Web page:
Fort Laramie served as an early American Indian trading post and quickly developed into a major resupply point for emigrants on the Oregon Trail. Beginning in 1849, this outpost on the Laramie River also served as a major military post in the West. This site is preserved and maintained by the National Park Service. Visit the Fort Laramie National Historic Site Web Page.

Fort Laramie National Historic Site, WY

Fort Vancouver

Fort Vancouver served as the Columbia (River) Department Headquarters for the Hudson's Bay Company's fur trading enterprise in the old Oregon Territory (present-day Washington State). This historic trading post was located across the Columbia River near the end of the Oregon Trail. Structures of the old fort have been reconstructed at the original site. This area is preserved and maintained by the National Park Service. Visit the Web Page for Fort Vancouver National Historic Site.

Fort Vancouver National Historic Site, WA

Great American Desert

During the early Nineteenth Century, the Great Plains region of the United States was identified on maps as "the Great American Desert." The explorers Zebulon Pike and Stephen Long originated this idea with their descriptions of the region following their expeditions through the area. Because this region had very few trees, it was thought to be a desert with little productive value. By 1890 however, American farmers had settled this region and the "Great American Desert" myth was dispelled.

Homestead Act of 1862

The Homestead Act of 1862 signed by President Lincoln encouraged the settlement of the Great Plains region of the United States. Provisions of this legislation entitled citizens of the United States to receive 160 acres of land from the U.S. Government, contingent on application and paying a filing fee. Applicants were required to be at least 21 years of age and would gain title to the land if they made improvements upon it. Daniel Freeman was one of the first applicants to file a claim for Nebraska land under the Homestead Act. The National Park Service maintains a Memorial on the location of his farm. Visit the Homestead National Monument of America Home Web Page.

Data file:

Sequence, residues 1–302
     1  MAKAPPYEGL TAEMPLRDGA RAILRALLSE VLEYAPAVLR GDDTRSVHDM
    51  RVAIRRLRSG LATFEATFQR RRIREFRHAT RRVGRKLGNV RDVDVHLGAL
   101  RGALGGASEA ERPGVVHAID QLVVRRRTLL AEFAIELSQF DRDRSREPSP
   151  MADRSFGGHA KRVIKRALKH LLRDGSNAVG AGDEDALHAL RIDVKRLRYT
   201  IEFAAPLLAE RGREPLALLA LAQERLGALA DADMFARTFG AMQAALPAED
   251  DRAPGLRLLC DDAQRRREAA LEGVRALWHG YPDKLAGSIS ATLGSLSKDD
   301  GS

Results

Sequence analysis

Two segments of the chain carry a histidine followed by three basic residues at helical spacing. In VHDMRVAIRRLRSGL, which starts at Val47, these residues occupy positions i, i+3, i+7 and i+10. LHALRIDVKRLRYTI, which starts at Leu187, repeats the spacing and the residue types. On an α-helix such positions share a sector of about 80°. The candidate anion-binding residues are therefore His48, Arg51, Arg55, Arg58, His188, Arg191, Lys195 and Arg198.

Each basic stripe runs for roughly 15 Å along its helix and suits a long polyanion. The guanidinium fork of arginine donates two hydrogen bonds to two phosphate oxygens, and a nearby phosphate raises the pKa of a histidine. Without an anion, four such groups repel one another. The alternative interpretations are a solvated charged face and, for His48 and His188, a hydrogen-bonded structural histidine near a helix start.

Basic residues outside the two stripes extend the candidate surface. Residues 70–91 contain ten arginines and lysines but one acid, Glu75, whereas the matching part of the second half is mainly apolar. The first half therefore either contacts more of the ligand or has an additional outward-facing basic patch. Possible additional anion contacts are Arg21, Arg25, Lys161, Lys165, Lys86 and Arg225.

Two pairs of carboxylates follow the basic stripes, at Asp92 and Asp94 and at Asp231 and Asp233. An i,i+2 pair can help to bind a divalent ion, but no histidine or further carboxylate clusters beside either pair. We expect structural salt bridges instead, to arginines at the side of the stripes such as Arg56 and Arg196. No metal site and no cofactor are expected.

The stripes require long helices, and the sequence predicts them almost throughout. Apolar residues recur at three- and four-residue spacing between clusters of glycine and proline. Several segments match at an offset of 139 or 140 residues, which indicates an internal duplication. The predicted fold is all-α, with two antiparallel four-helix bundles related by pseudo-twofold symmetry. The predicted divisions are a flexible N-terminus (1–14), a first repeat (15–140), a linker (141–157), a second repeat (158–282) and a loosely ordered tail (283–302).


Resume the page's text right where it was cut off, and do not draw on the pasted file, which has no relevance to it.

Homestead National Monument of America, NE

Independence Square

The historic town of Independence, Missouri, was one of the jumping-off points for thousands of pioneers who went west on the Oregon Trail during the nineteenth century. In more recent history, Independence was the hometown of the 33rd President. The home of Harry S Truman is preserved and maintained by the National Park Service at Harry S Truman National Historic Site.

Oregon National Historic Trail

Harry S Truman National Historic Site, MO

James Beckwourth

James Beckwourth (1798-1867) was born a slave, but raised free by his mulatto mother and white father. In 1823, Beckwourth joined the fur-trading expeditions of William Ashley and Andrew Henry into the Rocky Mountain region of the West. This legendary mountainman distinguished himself among the Crow Indians, becoming a tribal chief and great warrior. Later, Beckwourth served as a guide, army scout, and hunter. He discovered a route through the Sierra Nevada Mountains to California that was named for him. In 1856 he published Life and Adventures of James P. Beckwourth, a chronicle of his frontier life.

James Marshall

James Marshall (1810-1885) became famous for discovering gold in 1848 along the American River in California while he was working for John Sutter. When word spread quickly about this find, it was the start of the great Gold Rush to California. Neither Marshall nor Sutter gained any fortune from the gold find. James Marshall resorted to selling his autograph on cards that publicized him as the original discoverer of gold in California.